International Center for Journalists
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International Center for Journalists (ICFJ) is a non-profit, professional organization located in Washington, D.C., USA, that promotes quality journalism worldwide in the belief that independent, vigorous media are crucial in improving the human condition. Since 1984, the International Center for Journalists has worked directly with more than 70,000 journalists from 180 countries over 27 years. Aiming to raise the standards of journalism, ICFJ offers hands-on training, workshops, seminars, fellowships and international exchanges to reporters and media managers around the globe.
As part of its mission, ICFJ aims to achieve four specific goals. First, ICFJ hopes to make an impact around the globe through giving journalists the tools and training necessary for establishing and sustaining independent media outlets and systems worldwide. Next, the organization wants to help global journalists stay on the technological and professional forefront by providing digital media training in all media—print, radio, TV, and online. In addition, ICFJ hopes to create and train a class of specialty journalists (i.e., health, business, or environmental reporters) that can provide fully informed and in-depth insight into some of the most pressing global issues. Finally, ICFJ strives to move quickly to give journalists the tools they need to cover the big stories of the day.
ICFJ leads programs around the world,it trains citizen and professional journalists in many countries, such as China, Mexico, Pakistan to Ghana and in Arab world in Egypt, Tunisia, and in Jordan at Jordan Media Institute.
ICFJ was founded in 1984 by Tom Winship, Jim Ewing, and George Krimsky, three prominent U.S. journalists. An organization of journalists for journalists, the men intended to use ICFJ to support their fellow journalists abroad, especially those in countries with poor or non-existent free press systems. They believed that the proper role of the news media is to expose, investigate, and articulate issues of concern to average citizens and wished to propagate these ideals across the globe.
Although the founders are no longer involved directly with ICFJ, their families continue to support the organization still today. Winship's son, Tom, currently serves on the Corporate Board, and his daughter Margaret Winship is on ICFJ's Board of Directors. Ruth Ewing, wife of Jim Ewing is a steadfast supporter of ICFJ in many ways, including the development of ICFJ's robust environmental journalism department.
In 2006, ICFJ established the ICFJ Founders Award for Excellence in Journalism as a tribute to Winship, Ewing and Krimsky. This award is presented to a journalist with a long-time commitment to the highest standards of the profession. Past recipients include CBS News' Bob Schieffer (2006), NBC News' Tom Brokaw (2007), The New York Times' John F. Burns (2008) and investigative journalist Seymour Hersh (2009).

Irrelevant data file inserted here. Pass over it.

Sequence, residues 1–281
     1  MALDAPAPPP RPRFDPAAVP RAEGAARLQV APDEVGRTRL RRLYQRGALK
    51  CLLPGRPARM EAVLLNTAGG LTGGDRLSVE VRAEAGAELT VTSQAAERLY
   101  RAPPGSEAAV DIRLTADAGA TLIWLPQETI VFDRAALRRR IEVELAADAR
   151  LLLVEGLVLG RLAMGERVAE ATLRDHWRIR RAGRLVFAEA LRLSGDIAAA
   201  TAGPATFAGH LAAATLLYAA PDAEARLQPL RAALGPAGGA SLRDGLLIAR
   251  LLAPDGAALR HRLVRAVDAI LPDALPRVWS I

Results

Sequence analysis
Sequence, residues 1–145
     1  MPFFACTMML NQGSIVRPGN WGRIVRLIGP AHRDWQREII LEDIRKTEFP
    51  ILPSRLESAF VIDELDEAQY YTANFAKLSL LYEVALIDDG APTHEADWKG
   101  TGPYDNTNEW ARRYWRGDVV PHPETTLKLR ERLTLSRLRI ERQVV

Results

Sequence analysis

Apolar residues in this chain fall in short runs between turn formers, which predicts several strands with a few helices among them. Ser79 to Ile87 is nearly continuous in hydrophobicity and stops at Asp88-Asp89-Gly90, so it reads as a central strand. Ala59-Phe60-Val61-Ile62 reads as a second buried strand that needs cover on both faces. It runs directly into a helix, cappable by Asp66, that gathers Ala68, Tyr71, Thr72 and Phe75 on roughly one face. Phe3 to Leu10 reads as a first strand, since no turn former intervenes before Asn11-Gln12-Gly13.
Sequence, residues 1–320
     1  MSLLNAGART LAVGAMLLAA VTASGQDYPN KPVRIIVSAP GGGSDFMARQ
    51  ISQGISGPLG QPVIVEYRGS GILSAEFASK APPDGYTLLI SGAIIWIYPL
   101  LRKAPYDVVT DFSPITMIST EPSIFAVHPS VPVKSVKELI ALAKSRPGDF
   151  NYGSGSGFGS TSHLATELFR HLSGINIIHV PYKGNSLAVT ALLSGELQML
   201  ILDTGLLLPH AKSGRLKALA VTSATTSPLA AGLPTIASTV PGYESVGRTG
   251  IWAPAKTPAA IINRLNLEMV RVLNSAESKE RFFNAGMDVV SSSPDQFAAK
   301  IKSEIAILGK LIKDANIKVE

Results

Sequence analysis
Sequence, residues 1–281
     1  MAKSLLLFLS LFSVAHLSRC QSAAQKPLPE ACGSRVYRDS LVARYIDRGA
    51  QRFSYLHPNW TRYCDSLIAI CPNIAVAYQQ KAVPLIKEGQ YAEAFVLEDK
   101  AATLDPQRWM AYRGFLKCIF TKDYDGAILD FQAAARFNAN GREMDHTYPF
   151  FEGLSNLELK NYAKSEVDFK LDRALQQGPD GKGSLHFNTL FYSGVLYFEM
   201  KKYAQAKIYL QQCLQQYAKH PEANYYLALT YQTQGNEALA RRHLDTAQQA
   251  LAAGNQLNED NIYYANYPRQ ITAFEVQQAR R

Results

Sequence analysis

Knight International Journalism Fellowships
The Knight International Journalism Fellowships program pairs global media professionals with partner media organizations in key countries where there are opportunities for meaningful and measurable change. The program, launched in 1994 with support from the John S. and James L. Knight Foundation, now also receives support from the Bill & Melinda Gates Foundation and the Media Development Loan Fund.
Knight International is establishing new journalism associations, launching journalism schools, creating web-based databases to track corruption, establishing news delivery services via cell phone and creating web-based platforms for increased distribution. Such examples show journalists – and citizens – that quality reporting can make an impact, and they embolden journalists to increase their efforts.
International Journalists’ Network (IJNet)
The International Journalists’ Network (IJNet) is an online service that provides information on a wide range of training opportunities to a global network of journalists and media development organizations. The site offers the latest social networking tools, discussion spaces and forums. IJNet also sends weekly e-mail bulletins in Arabic, English, Chinese,Persian, Portuguese, Russian and Spanish to more than 17,000 media professionals.
IJNet keeps track of media training and other assistance efforts in more than 150 countries, enabling donors and journalism training organizations to maximize resources and avoid duplication. Support for IJNet comes from the Eurasia Foundation, the John S. and James L. Knight Foundation, the National Endowment for Democracy, the Open Society Institute and friends of ICFJ.
- International Center for Journalists
- ICFJ/Knight International Journalism Fellowships
- International Journalists’ Network (IJNet)
|Wikimedia Commons has media related to Category:International Center for Journalists.|
- Tynes, Natasha (6 June 2013). "Training Journalists Got Me Five Years in Egyptian Prison -- But Please Don't Call Me 'Activist'". Huffington Post.
- "ICFJ Condemns “Outrageous Verdict” in Egypt". ICFJ. 4 June 2013.